True Productivity Manifesto

The way we think about productivity in general needs a massive overhaul. I  want to not just change, but transform, how people think about productivity. Because the general belief about productivity centred on quantity is a myth. It’s the biggest productivity myth, one that’s causing a lot more harm than good.
It is not just important, but absolutely essential, to change this mindset. Because all it does is hold us back. It holds us back from doing the things we want, it holds us from achieving our true potential, and it causes stress, anxiety, feelings of ineptitude and a whole host of mental health issues.
There are tangible costs too, and this drive towards trying to do more comes ultimately at a lack of productivity, loss of money for businesses and individuals, as well as higher health costs that the stress and anxiety results in.
The greatest productivity myth needs to be dispelled. It’s high time. It’s about time we focused on doing work that matters, on doing things that help us move forward, on doing more quality work rather than stress about doing as much as possible and cramming in every waking hour of our day with work.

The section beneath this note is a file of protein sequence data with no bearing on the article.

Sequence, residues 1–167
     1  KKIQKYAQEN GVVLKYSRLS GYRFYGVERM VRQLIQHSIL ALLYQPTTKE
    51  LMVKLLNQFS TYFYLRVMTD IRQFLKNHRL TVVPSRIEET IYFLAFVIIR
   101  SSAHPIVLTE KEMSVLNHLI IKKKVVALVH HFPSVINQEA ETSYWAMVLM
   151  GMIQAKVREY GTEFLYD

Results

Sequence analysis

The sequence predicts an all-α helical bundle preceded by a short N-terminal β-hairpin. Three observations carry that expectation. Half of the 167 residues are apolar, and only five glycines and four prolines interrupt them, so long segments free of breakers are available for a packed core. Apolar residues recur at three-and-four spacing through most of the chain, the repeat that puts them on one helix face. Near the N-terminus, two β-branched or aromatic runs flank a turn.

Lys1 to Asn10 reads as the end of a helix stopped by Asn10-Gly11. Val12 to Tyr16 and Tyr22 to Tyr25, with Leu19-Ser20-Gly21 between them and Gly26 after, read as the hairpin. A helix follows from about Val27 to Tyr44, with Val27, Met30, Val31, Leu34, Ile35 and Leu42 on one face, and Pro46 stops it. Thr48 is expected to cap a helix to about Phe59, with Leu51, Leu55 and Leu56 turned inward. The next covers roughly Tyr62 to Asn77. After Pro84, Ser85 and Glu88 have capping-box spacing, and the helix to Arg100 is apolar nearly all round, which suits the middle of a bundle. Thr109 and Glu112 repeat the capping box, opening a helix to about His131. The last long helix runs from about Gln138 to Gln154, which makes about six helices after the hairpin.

This myth holds us back. It does a lot of harm – it is one of the biggest cause of health problems (both mental and physical), it keeps us stuck, it causes disillusion and unhappiness and stress.
The way we think about productivity might have worked a long time ago, but things have changed. We are no longer in the industrial era, no longer do we need to measure our worth by the time we spend on doing stuff.
Because productivity is not about doing as much as possible, it is about doing stuff that matters, stuff that makes an impact.
True productivity is not about quantity any more (if it ever was), it is about quality.
The sooner you adapt this mindset, the sooner you can be on your way to transforming your life. Because this one change has the potential to radically improve your life. So isn’t it worth your while, does it not make sense, to at least try the alternative (shifting your focus from quantity to quality) out?